The copy I managed to obtain of The Green Hat by Michael Arlen was original (i.e. from 1924) via the San Diego State Library.  Pages that had been folded over as book marks by prior readers actually snapped off in my hand if I tried to manipulate them.  In the fashion of 20s novels, the margins are ample, making a 200 page book 350 pages.  Arlen was a bit of a one hit wonder, and if The Green Hat is the hit, you could almost call him forgotten.

  Michael Arlen was born as Dikran Kouyoumdijan, to Armenian parents, in Bulgaria, which was then still part of the Ottoman Empire.  His father was a successful merchant who moved the family to England in 1901 because, duh.  Arlen attended school in England and went to college at the University of Edinburgh.  As a young adult he was what you would call a dandy, and The Green Hat was one of a number of "shocking" jet set tragic romantic fables that dot the literary landscape of the 1920s, typically under the rubric of "lost generation."

   The Green Hat is supposedly a roman a clef about Arlen's peer in the London smart set of the early 1920s, and features syphilis and homosexuality as major plot points in a story that involves a tragic lover affair between at wealthy but disgraced older woman and an also wealthy (and married) younger man.

   The 1924 publication date marks The Green Hat as an early example of the lost generation genre- The Great Gatsby wasn't published until 1925, The Sun Also Rises until 1926.   

Monday, September 29, 2014

British Clubs and Societies 1580-1800: The Origins of an Associational World by Peter Clark

British Clubs and Societies 1580-1800:
The Origins of an Associational World
by Peter Clark
Oxford Studies in Social History
Oxford University Press, 2000

  True, I get off on reading expensive books.  Not owning them, I'm not much for possessing things, but I am a demon for the possession of expensive knowledge.  At 150 USD new, British Clubs and Societies 1580-1800: The Origins of an Associational World, well qualifies in that department, and it was a main stay of my Amazon Wish List for nearly a decade until I located a copy at the Geisel Library at UCSD and requested it via the San Diego Public Library.

  The subject may at first blush sound obscure, but it is an area of interest both to savvy political commentators (Alexis de Tocqueville and Jurgen Habermas to name two) and conspiracy nut jobs (Freemasons, Illuminati) alike.  In his famous Democracy in America treatise, Alexis de Tocqueville posits that the peculiar nature of American democracy stems from an abundance of "private associations."  By his reckoning, private associations were the lattice work upon which the garlands of democracy were hung.  Two centuries later, German philosopher Jurgen Habermas placed the development of the "public sphere" at the center of his wide ranging theories regarding the centrality of communications at the core of the experience of modernity.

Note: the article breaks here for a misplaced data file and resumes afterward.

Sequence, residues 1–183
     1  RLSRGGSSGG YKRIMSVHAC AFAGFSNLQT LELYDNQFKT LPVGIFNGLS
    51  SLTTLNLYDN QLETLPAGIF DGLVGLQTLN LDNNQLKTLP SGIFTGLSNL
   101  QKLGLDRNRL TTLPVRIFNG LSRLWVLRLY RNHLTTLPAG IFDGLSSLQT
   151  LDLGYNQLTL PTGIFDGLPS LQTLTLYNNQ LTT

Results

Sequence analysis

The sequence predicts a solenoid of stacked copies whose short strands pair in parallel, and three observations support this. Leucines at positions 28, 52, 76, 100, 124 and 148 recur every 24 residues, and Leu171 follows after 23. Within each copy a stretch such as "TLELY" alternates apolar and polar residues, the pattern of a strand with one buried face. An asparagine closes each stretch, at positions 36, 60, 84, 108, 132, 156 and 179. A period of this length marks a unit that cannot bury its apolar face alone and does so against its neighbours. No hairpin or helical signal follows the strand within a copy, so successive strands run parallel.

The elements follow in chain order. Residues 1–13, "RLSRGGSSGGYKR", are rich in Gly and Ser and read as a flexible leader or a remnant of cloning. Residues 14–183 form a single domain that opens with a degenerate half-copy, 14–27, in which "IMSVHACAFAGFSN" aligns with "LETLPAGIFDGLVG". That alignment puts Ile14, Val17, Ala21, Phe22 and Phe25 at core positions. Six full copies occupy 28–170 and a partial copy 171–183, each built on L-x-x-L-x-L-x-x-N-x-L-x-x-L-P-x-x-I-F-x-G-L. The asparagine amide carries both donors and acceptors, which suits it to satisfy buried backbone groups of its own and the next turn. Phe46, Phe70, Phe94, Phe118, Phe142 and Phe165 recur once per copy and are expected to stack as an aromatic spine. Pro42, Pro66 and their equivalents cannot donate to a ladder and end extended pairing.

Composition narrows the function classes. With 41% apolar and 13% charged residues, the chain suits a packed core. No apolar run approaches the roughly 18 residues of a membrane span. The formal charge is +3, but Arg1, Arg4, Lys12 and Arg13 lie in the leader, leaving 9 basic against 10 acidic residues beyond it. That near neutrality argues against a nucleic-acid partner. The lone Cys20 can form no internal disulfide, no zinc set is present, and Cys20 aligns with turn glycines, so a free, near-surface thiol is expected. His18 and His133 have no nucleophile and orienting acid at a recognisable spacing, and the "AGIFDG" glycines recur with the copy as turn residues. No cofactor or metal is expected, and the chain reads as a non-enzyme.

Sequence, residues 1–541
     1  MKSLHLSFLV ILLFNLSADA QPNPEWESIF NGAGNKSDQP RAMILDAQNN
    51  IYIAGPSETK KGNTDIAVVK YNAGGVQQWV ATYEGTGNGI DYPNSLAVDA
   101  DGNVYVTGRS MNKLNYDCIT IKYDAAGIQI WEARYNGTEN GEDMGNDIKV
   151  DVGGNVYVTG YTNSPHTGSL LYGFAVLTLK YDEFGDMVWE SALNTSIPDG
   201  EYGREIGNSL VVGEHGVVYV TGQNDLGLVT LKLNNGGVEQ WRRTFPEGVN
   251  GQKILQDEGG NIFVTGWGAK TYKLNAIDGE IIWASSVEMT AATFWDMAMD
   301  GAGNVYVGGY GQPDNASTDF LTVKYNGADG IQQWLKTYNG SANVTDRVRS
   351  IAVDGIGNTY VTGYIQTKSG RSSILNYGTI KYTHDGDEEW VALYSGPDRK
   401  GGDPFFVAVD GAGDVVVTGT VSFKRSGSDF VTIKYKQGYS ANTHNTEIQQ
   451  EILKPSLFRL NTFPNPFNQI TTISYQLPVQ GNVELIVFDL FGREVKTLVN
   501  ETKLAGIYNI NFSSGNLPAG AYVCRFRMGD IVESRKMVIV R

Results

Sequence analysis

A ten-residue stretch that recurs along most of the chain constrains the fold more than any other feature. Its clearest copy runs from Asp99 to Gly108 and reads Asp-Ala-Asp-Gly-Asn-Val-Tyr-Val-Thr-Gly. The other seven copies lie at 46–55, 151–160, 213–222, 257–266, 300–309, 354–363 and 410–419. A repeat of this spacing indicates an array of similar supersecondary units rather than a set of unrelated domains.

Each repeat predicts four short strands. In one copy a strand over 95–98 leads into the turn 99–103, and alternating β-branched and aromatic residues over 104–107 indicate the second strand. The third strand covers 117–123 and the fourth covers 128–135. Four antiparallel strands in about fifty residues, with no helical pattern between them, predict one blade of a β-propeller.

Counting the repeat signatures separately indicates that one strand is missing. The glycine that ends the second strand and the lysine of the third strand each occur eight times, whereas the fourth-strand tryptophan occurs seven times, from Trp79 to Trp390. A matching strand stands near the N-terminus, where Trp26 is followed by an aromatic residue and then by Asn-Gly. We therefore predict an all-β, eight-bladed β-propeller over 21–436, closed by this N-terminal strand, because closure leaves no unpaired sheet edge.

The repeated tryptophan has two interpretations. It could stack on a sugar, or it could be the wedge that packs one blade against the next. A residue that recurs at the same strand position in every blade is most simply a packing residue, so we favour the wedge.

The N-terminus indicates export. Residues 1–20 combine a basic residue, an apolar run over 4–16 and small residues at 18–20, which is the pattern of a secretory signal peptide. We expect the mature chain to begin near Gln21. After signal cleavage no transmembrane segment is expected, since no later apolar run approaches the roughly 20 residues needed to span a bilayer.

On the lighter side of the scale, you have the pop cultural obsession with Freemasons and Illuminati.  According to a single reference in this book, the Illuminati were a sub-organizations of Freemasons in Europe, and did not figure in the British experience (England, Scotland, Wales, Ireland, the Colonies of England and their successors.)  Finding sober information about the Freemasons is tough, and there are plenty of fanciful accounts of their origins and influence.  The Illuminati are even more difficult to track, but a working knowledge of German and French would be a first step.  The absence of Illuminati dealings in the English speaking world makes English language sources on the subject questionable.

  Clark presents a well accounted description of the rise of  his "Associational World."  With some roots in the country-side tradition of county feasts, the associational world was a quintescentially urban experience with a distinct London center.  The earliest roots came in the mid 18th century, with an explosion between 1750 and 1800.  This explosion is illustrated with actual charts and graphs.  For example, in England alone, the Number of Clubs went from 200 in 1750 to 1200 by 1800.

  These clubs hand numerous different areas of interest.  They ranged from early 18th century groups of men interested in science and ancient civilization, to the more popular Mason type fraternal lodges that mixed social networking with heavy drinking and rituals, to the associations of the working class which were often specifically set up to pay for burial benefits and poor relief.   There were also many morally focused associations set up by wealthier people to "help the poor,"

  Clark makes it clear that the groundwork was laid by the "loosening up" of rules by the King in the areas of freedom of the press and the ability for small groups to meet privately.  This last point may seem obvious, but Monarchs were often quite defensive about groups meeting privat